|LETTER TO EDITOR
|Year : 2018 | Volume
| Issue : 4 | Page : 302
Optimal therapy for venous thoracic outlet syndrome
Yasser Ali Kamal
Department of Cardiothoracic Surgery, Minia University, El-Minya, Egypt
|Date of Web Publication||11-Dec-2018|
Dr. Yasser Ali Kamal
Department of Cardiothoracic Surgery, Minia University, El-Minya
Source of Support: None, Conflict of Interest: None
|How to cite this article:|
Kamal YA. Optimal therapy for venous thoracic outlet syndrome. Indian J Vasc Endovasc Surg 2018;5:302
We read with an interest the short review by Stephen et al. in issue 5, volume 3, of Indian Journal of Vascular and Endovascular Surgery. This article is concise and valuable as it provides a guide to diagnose and treat venous thoracic outlet syndrome (VTOS) which constitutes one of the controversial clinical conditions of TOS. The authors clarified the important aspects of the management of VTOS, but we have some scientific notes which may support the educational aim of their review.
Regarding the epidemiology of VTOS, effort-induced thrombosis of the upper limb ranges from 1% to 4% of all venous thrombosis. Overall, VTOS accounts for about 5% of all TOS syndromes, and axillo-subclavian venous thrombosis is seen more often than nonthrombotic obstruction.,
Considering treatment options, the authors highlighted the role of anticoagulation, catheter-directed thrombolysis/thrombolytic therapy, stenting after anticoagulation and catheter-directed thrombolysis, first-rib resection, and venous reconstruction. In addition, the authors answered some questions related to the challenging situations faced during the treatment of VTOS. We would like to highlight the emerging role of hybrid procedures for the treatment of VTOS where the endovascular techniques are combined to open surgery with long-term improvement of venous patency and avoidance of recurrence. Moreover, this combined treatment for VTOS results in the resolution of symptoms and improvement of the functional status, but more studies are recommended.
The authors classified VTOS as described in literature into three types: intermittent venous obstruction, secondary venous thrombosis, and primary effort thrombosis. However, if we consider the patient presentations, VTOS may be further classified into three clinical types (acute, chronic, and intermittent), which may guide the treatment of VTOS.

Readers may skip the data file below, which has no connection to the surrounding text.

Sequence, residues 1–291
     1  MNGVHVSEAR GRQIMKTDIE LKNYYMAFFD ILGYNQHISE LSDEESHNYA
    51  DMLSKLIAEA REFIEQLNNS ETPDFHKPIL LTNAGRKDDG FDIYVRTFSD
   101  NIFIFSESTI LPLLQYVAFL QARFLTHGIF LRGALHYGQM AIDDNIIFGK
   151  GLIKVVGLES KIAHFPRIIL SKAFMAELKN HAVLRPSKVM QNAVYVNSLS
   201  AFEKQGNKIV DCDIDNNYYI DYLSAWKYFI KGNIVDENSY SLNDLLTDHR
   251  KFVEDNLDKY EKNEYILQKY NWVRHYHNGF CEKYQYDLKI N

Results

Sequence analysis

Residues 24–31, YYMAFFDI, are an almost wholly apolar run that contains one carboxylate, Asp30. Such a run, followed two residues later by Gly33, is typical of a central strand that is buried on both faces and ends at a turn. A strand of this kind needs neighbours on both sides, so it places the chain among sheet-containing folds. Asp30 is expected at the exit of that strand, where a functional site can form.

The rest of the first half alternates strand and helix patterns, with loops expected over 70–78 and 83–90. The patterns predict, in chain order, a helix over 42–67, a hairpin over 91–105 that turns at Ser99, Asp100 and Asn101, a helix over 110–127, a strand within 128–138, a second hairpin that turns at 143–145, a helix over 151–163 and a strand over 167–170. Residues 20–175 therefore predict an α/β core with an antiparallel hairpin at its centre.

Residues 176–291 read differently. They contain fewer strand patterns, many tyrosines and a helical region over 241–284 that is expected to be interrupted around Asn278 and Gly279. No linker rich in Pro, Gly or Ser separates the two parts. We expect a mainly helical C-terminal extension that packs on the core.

In acute cases (<6 weeks), the option of treatment is catheter-directed thrombolysis with early surgical decompression. In chronic cases (≥6 weeks), surgical decompression is beneficial when there is stenosis or occlusion of the subclavian vein, but total occlusion indicates thrombolysis before surgery. For cases with chronic intermittent venous obstruction without evidence of thrombosis or significant stenosis, only surgical decompression is required. Venoplasty of a residual subclavian vein stenosis may be considered to reduce the risk of re-thrombosis after decompression for acute and chronic cases, but thrombolysis, anticoagulation, or venoplasty are generally not required in cases with intermittent obstruction.
In conclusion, a simple guide for the treatment of VTOS in accordance to the clinical presentation is important to provide an appropriate management relevant to its etiology and severity.
Financial support and sponsorship
Conflicts of interest
There are no conflicts of interest.
| References|| |
Stephen E, Kota AA, Selvaraj D, Samuel V, Premkumar P, Agarwal S. Venous thoracic outlet syndrome: A short review. Indian J Vasc Endovasc Surg 2018;5:168-73. [Full text]
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De Caridi G, Massara M, Greco M, Villari S, Squillaci D, Spinelli F. Hybrid management of Paget–Schroetter syndrome due to thoracic outlet syndrome. Gen Thorac Cardiovasc Surg 2016;64:109-12.
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